Everything you need to know about machine learning: part 3
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This is the final installment of a three-part series. Part 1 covers the basics of machine learning, while part 2 provides a more in-depth look into Microsoft Azure Machine Learning and how to access it via Web services. Now, in part 3, we'll put all that knowledge to work with some examples.
To complete our three-part series on machine learning, you'll watch three videos that offer a quick overview of what we covered in part 2. You'll also learn the importance of choosing the right algorithm, and how the R programming language can be used to extend the service's features. The information here can be consumed however you like -- feel free to dive right in to the videos (which mainly apply to our discussion in part 2) or save them for later. Here are they are:
- Video 1: A complete example using the Titanic data
- Video 2: Adding an additional algorithm
- Video 3: Configuring and querying using a Web service
(Please note that Microsoft recently updated the service, so I've rewritten my script to query the Web service. Here's the new copy of my Windows PowerShell script on GitHub.)
To get started, let's expand on our part 2 discussion of algorithm choice.
Choosing your algorithm
While it's important to understand the type of learning problem you're dealing with, it's not quite as vital to know the specific algorithm to use. In the case of the Titanic example used in this series, I know I have a classification problem, so I started using the “Multiclass Decision Forest” algorithm to train my model, but I could have used another, and then tried to determine which was more accurate. Earlier in the series (and in the second video accompanying this post), I added a second algorithm to my experiment with mixed results. In actuality, this is part of the science in data science (read: experiment over and over).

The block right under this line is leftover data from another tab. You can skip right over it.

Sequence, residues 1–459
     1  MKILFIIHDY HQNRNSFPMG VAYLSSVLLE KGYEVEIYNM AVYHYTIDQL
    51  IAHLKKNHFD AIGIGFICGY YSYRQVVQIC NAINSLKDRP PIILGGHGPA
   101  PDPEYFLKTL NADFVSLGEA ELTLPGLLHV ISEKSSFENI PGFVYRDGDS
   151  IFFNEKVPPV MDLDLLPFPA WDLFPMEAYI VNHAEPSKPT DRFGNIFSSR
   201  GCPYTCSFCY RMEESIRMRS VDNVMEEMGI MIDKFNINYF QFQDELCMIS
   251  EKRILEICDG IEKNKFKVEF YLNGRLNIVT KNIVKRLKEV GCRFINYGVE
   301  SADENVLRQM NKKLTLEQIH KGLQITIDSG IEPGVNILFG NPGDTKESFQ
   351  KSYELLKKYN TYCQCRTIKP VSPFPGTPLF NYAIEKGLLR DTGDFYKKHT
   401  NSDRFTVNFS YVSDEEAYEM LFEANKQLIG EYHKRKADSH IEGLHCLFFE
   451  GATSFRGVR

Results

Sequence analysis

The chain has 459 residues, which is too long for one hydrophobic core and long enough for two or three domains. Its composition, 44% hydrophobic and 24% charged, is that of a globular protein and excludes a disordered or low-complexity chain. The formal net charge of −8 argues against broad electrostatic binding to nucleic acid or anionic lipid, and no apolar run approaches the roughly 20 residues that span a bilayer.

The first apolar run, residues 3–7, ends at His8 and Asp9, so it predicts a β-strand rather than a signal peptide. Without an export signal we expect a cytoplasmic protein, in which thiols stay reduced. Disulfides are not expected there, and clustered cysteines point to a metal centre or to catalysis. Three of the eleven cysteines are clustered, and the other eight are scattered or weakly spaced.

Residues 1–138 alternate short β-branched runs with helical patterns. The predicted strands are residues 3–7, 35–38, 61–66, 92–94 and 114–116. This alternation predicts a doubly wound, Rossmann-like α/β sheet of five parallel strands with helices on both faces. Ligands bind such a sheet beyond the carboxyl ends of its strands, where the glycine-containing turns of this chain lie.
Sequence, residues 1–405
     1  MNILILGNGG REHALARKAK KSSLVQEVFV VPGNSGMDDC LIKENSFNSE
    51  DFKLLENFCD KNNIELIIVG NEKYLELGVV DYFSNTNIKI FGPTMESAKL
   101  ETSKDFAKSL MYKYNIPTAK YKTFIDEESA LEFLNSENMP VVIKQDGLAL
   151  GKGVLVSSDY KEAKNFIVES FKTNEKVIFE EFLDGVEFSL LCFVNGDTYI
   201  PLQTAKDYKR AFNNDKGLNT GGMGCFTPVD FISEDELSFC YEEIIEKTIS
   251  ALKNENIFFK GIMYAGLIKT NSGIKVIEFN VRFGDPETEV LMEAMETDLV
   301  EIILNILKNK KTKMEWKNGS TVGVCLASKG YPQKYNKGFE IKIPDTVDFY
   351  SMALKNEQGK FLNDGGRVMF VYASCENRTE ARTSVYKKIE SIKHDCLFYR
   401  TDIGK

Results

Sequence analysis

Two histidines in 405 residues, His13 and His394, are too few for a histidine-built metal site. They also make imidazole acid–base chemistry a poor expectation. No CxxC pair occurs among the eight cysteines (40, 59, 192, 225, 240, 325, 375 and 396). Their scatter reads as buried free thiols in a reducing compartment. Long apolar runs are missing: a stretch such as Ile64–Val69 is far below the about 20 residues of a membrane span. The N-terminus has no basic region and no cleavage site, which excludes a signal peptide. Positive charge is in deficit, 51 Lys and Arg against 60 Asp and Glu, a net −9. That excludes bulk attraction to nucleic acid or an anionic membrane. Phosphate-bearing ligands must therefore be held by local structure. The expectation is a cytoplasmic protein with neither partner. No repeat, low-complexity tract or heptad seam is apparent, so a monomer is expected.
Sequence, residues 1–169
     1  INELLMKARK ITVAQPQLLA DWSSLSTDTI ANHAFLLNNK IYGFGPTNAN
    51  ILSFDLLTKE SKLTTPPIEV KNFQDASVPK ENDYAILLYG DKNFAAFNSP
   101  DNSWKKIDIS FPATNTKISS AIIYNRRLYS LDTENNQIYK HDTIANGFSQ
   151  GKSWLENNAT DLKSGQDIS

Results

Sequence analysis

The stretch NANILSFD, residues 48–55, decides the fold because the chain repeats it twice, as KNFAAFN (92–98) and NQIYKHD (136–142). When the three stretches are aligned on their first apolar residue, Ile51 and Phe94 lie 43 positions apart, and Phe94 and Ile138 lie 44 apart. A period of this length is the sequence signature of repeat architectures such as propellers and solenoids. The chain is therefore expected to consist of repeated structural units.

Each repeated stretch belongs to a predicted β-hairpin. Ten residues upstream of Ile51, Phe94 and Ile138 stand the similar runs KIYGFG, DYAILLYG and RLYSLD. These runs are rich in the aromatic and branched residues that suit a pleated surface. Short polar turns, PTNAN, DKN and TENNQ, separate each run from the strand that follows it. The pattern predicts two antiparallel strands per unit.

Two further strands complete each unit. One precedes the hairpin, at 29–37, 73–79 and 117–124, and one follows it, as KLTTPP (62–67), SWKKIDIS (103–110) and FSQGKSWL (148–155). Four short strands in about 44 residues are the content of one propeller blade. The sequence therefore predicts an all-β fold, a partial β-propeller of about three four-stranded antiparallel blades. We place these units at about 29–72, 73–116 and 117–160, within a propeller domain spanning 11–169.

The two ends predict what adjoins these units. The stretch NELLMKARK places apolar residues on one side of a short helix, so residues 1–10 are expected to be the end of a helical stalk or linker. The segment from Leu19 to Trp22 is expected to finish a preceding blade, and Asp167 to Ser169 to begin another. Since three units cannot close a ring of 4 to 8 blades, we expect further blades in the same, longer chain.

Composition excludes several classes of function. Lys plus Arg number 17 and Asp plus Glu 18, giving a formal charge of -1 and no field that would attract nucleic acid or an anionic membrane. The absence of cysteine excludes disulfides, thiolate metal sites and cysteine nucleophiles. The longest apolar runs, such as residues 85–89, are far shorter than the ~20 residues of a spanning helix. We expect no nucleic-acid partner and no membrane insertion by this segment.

One thing to know and remember is that more data can beat a better algorithm. In other words, having more data (and clean data) can help you train your model, that will be more important than the algorithm. Recently, it's been demonstrated that most of these algorithms all seem to converge to very similar models when the quality and quantity of training data grows.
MAML provides many features, but there's the possibility of extending it using other popular languages. Let's talk about the R language next.
R programming support
I've been surprised at the popularity of the R programming language. MAML continues to support this rise in popularity, not just among academics, as R was provided as the first extensible interface. As a really simple example using R, let's create an experiment that basically lists all of the installed R packages that we can in MAML. In the image below, you'll see a block that can run any R script passed to it. Look to the right side and you'll notice the basic script that outputs this information:
Once I run this, I can click on the left side output port, and visualize the resulting output. Currently, there are 410 installed packages! If you have any existing R scripts or even libraries, you can easily upload them into MAML -- by doing this, you'll create a Web service that is publicly available.
At the time of this writing, Python support is available, and there's been talk of plans for some kind of SDK that can possibly be used to extend the service to other languages in the future. By now, you may be getting anxious to try some of these things on your own. If so, you'll be happy to know that you can now can get started for free. In November, as the service exited from preview, Microsoft announced a free tier for MAML. The free tier limits you to 10GB of input data and restricts the Web service to staging-only. The only thing required to use the free tier is a free Microsoft account. Simply head here to get started.
Can MAML help you predict the winning lottery numbers? Unfortunately not, but it is a service with a lot of promise, thanks to Microsoft listening to its users. For example, during the preview a user was unable to retrain a model programmatically, but that feature was added when the service came out of preview (even if it's implementation did seem a bit complicated).
Bottom line? As a Version 1 product from Microsoft, this service shows some serious promise. I'm excited about it and I think it's a building block to Internet of Things solutions in the future.